Our initial targets are orphan diseases, such as ALS, which benefit from an accelerated FDA approval process and market exclusivity
Amyotrophic Lateral Sclerosis (ALS, or Lou Gehrig’s Disease)
Amyotrophic lateral sclerosis (ALS, or Lou Gehrig’s disease) is a neurodegenerative disease of the motor neurons in the brain and spinal cord that control muscle movement. The degeneration of motor neurons in ALS causes muscle spasticity, progressive weakness and difficulty with speaking, swallowing and breathing. ALS is the most common of the five known motor neuron diseases, affecting approximately 30,000 people in the U.S. The only approved treatment for ALS has minimal impact on patient survival.
Transverse myelitis is a rare disease caused by inflammation of one level of the spinal cord. Attacks of inflammation in transverse myelitis damage or destroy the myelin sheath around nerve cell fibers, likely by damaging the oligodendrocytes that produce myelin. An estimated 44,000 people in the U.S. are affected by transverse myelitis, for which no effective cure currently exists.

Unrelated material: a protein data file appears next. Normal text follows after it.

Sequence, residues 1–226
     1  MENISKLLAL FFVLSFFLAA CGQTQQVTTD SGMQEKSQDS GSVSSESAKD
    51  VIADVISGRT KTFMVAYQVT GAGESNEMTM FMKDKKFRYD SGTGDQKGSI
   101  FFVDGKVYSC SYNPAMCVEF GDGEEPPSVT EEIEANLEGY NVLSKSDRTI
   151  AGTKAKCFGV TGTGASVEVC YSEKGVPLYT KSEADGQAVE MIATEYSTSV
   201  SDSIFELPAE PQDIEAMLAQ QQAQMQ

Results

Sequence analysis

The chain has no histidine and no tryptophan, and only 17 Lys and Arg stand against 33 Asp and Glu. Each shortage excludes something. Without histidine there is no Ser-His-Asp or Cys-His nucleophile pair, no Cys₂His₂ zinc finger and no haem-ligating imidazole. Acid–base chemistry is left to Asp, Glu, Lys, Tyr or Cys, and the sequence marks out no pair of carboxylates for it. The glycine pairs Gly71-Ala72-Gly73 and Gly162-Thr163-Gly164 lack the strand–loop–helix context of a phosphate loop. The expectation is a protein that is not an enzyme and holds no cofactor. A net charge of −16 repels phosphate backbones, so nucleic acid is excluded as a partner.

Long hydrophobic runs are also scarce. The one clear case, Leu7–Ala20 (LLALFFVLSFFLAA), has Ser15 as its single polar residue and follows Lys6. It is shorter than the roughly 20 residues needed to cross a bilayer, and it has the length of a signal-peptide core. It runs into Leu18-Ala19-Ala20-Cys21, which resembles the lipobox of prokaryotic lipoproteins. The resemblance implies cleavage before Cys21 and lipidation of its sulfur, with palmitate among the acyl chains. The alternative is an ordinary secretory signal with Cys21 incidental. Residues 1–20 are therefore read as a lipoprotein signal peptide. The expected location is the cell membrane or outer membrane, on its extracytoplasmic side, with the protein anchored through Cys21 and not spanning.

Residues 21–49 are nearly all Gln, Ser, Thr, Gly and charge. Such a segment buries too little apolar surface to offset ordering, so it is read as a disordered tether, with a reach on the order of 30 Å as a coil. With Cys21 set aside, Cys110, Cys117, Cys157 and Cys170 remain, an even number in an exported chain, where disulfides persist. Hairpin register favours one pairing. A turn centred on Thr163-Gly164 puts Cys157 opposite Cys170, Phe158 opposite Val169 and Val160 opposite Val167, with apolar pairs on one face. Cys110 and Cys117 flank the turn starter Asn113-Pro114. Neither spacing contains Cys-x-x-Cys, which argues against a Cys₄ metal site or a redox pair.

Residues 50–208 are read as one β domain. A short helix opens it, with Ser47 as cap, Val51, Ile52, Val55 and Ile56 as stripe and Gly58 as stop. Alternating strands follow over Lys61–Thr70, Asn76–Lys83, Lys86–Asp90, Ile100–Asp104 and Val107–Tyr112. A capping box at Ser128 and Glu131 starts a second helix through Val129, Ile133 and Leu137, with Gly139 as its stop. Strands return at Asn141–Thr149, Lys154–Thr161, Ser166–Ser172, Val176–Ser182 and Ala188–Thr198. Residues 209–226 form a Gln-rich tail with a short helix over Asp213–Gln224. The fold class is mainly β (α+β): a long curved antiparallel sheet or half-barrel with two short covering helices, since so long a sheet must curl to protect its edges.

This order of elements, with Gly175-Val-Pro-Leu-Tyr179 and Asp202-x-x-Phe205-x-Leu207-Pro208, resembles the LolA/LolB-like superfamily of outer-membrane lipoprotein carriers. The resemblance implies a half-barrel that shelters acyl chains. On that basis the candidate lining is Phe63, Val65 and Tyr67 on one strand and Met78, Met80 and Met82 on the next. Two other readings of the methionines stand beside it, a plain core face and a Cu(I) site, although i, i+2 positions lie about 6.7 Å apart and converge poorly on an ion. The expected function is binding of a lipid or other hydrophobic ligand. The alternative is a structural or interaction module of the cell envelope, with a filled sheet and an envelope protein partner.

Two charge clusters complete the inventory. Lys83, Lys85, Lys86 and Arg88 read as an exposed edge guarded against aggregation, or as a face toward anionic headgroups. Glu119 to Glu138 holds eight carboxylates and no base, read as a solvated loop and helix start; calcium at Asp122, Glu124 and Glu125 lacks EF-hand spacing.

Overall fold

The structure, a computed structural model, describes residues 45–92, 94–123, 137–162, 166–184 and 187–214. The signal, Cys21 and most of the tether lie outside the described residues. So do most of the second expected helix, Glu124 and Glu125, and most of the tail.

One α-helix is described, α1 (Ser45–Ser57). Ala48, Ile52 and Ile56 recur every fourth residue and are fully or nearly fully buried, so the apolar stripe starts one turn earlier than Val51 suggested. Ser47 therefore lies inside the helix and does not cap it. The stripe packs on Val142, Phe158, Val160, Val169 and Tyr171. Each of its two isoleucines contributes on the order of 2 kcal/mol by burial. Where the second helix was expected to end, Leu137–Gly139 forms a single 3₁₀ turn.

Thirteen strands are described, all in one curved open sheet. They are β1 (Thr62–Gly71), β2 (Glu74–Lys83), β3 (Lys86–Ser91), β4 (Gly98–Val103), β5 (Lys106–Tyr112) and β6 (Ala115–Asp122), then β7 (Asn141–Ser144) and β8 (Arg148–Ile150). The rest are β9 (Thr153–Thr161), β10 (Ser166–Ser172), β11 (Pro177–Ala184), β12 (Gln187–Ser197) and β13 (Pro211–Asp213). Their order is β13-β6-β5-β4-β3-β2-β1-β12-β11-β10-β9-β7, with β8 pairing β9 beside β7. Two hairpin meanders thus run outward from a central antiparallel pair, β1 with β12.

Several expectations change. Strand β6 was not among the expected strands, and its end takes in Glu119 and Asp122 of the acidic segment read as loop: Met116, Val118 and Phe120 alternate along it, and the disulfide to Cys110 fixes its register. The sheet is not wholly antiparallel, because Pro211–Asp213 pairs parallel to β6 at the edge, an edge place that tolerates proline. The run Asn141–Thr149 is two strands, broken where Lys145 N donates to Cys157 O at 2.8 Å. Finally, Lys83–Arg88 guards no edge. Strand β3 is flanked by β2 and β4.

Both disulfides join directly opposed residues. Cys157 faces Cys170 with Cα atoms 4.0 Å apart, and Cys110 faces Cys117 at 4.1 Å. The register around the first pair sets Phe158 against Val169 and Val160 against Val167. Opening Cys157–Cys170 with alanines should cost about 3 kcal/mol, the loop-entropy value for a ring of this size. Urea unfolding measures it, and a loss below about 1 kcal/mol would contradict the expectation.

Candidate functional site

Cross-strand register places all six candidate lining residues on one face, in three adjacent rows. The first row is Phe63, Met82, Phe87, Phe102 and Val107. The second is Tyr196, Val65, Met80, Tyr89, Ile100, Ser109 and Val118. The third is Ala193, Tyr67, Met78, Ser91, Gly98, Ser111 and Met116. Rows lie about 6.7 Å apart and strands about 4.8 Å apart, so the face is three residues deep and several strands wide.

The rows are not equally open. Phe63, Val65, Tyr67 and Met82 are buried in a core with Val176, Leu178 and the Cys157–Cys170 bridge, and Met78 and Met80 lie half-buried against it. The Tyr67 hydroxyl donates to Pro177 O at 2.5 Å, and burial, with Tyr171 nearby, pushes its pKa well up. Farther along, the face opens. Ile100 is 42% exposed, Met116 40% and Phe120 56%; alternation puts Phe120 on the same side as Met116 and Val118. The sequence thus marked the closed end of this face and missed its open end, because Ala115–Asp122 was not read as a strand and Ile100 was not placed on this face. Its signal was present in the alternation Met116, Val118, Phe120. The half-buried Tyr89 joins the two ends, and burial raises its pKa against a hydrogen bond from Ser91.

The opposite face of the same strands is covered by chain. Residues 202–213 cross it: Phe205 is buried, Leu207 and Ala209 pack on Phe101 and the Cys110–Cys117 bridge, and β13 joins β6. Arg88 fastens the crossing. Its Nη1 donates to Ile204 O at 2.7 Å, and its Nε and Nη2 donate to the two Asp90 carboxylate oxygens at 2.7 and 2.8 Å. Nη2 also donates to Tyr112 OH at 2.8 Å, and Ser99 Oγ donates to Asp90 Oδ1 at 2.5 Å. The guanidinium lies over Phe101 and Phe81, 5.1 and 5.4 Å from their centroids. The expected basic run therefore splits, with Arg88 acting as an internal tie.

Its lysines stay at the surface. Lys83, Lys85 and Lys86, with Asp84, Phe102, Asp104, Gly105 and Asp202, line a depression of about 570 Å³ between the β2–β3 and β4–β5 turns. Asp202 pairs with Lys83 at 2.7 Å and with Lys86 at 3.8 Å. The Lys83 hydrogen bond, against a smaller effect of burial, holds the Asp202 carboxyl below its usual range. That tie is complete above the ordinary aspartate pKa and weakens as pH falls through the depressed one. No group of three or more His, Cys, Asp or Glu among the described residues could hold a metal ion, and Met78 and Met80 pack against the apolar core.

Multiple sclerosis (MS) is a currently incurable inflammatory disease of the central nervous systems that leads to the damage or destruction of myelin in the brain and spinal cord. While the cause of MS is not clear, the underlying mechanism of the disease is thought to be either autoimmune destruction or oligodendrocyte failure. In the U.S., approximately 400,000 people are living with MS and more than 10,000 new patients are diagnosed each year.
Spinal Cord Injury
Spinal cord injury is a broad term covering damage to any part of the spinal cord or the nerves at the end of the spinal canal. Spinal cord injuries often results in permanent alterations in strength, sensation and other body functions below the level of the injury. An estimated 12,000 people sustain severe spinal cord injuries each year, and there is currently no way to reverse the damage done to the spinal cord.